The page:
Highly Opinionated Thoughts on Programming

by Elnur Abdurrakhimov


Vagrantfile With Customizable Configuration

Apr 1, 2014


Forcing every developer working on a particular project to use the same IP address for the VM is not practical. Some developers may be using that IP address for another project. Others can run into problems with 192.168.0.x addresses.

Also you can run into problems with memory and number of CPUs. Using the defaults with 512MB of RAM and a single CPU makes the VM too slow — especially if you have a very powerful system and are used to things working fast. But setting the Vagrant configuration to, say, 8 CPUs and 8 GB of RAM may not be practical because some developers on the team may be using systems with less real CPUs and RAM.

Instead of trying to find a perfect configuration that will work for everyone on the team, it makes more sense to make the configuration customizable by each developer.

First create Vagrantparams.yml.dist with contents like:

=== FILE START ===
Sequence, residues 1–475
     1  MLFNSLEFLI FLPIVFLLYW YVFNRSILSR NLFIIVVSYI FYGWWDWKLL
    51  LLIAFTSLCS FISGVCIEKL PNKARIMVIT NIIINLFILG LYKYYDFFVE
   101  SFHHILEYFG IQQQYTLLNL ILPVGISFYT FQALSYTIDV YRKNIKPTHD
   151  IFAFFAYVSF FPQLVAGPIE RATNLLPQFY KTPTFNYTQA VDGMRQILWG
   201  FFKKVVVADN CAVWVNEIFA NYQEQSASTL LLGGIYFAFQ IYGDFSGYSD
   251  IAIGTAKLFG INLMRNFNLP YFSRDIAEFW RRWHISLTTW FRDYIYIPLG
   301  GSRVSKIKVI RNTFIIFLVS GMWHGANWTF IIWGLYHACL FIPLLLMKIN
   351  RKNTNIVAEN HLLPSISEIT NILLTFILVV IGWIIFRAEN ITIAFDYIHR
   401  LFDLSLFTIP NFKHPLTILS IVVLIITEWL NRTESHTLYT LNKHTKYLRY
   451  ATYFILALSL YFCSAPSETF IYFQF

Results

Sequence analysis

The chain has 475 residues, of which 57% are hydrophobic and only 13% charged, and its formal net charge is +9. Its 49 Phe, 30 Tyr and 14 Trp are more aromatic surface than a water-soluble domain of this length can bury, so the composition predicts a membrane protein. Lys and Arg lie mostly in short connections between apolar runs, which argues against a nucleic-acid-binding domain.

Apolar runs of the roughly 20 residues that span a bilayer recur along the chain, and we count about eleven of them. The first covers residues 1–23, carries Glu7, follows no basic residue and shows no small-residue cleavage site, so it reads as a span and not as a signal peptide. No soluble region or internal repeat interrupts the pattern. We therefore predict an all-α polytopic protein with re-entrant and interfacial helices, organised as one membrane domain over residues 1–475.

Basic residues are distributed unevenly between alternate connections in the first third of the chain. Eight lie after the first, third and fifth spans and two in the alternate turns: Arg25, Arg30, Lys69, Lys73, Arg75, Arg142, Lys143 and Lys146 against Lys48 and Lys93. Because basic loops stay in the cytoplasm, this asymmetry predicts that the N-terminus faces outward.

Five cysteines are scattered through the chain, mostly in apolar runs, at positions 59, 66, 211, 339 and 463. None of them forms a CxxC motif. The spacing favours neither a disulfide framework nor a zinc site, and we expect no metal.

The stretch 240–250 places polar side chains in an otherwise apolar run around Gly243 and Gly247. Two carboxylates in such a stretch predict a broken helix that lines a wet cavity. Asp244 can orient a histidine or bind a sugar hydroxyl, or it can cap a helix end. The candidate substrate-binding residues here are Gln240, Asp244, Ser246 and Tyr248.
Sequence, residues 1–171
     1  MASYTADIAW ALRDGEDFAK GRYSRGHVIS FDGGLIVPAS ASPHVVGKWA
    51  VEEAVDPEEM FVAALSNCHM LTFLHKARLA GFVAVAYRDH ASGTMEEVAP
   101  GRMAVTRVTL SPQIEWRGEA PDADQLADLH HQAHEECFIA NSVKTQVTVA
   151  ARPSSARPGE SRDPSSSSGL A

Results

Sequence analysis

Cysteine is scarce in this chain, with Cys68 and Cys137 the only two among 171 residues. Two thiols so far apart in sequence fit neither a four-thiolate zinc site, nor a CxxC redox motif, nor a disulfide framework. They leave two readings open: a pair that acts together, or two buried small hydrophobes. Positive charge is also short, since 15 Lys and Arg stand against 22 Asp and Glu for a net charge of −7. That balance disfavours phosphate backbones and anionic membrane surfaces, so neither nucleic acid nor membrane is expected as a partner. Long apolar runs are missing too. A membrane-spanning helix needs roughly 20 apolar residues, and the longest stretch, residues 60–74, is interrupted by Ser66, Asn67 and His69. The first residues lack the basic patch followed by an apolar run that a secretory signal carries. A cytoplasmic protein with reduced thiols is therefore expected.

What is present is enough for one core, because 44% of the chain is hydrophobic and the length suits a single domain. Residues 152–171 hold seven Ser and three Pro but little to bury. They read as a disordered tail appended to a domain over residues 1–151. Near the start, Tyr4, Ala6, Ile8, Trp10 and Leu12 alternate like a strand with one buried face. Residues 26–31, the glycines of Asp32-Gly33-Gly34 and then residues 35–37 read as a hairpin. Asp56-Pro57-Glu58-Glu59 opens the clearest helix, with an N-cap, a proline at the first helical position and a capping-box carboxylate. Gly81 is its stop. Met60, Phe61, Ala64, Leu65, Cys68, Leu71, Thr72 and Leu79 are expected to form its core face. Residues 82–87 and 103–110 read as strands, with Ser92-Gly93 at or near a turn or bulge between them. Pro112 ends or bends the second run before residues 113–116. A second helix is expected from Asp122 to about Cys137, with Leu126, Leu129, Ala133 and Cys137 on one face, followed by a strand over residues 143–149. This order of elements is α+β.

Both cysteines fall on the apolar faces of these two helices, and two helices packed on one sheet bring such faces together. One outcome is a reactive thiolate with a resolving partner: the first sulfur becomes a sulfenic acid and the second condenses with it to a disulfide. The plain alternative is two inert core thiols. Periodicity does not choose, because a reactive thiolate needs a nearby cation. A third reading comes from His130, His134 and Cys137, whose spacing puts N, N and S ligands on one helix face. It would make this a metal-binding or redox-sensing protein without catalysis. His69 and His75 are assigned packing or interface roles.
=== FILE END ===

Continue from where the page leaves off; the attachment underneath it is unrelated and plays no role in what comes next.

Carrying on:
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ip: 192.168.0.7
memory: 1024
cpus: 2

Each developer would copy that file to Vagrantparams.yml and customize for themselves.

You should commit Vagrantparams.yml.dist to the repo and setup your VCS of choice to ignore Vagrantparams.yml. This way, changes to the latter will not be tracked by the VCS and a developer will not commit it accidentally.

Now you need to parse the params file and use its values in Vagrantfile:

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require "yaml"

params = YAML::load_file("./Vagrantparams.yml")

Vagrant.configure("2") do |config|
  config.vm.network "private_network", :ip => params['ip']

  config.vm.provider :virtualbox do |vb|
    vb.customize ["modifyvm", :id, "--memory", params['memory']]
    vb.customize ["modifyvm", :id, "--cpus", params['cpus']]
  end
end

This should be self-explanatory, but if it’s not, the main trick is in the first 3 lines. You require the YAML module and parse the configuration file. Then you can use the params hash instead of hardcoded values.

That’s it. Now, each developer can configure their VM to use an IP address that works for them and set as many CPUs and as much RAM as they can to be sure they get the maximum performance their system allows.



© Elnur Abdurrakhimov